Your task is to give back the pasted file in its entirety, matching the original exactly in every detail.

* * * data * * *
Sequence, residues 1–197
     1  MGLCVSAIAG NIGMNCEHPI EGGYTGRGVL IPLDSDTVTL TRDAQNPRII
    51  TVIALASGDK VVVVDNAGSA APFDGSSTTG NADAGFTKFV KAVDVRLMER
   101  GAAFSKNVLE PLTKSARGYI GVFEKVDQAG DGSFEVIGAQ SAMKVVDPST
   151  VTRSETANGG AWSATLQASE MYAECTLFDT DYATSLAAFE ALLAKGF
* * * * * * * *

Sequence, residues 1–197
     1  MGLCVSAIAG NIGMNCEHPI EGGYTGRGVL IPLDSDTVTL TRDAQNPRII
    51  TVIALASGDK VVVVDNAGSA APFDGSSTTG NADAGFTKFV KAVDVRLMER
   101  GAAFSKNVLE PLTKSARGYI GVFEKVDQAG DGSFEVIGAQ SAMKVVDPST
   151  VTRSETANGG AWSATLQASE MYAECTLFDT DYATSLAAFE ALLAKGF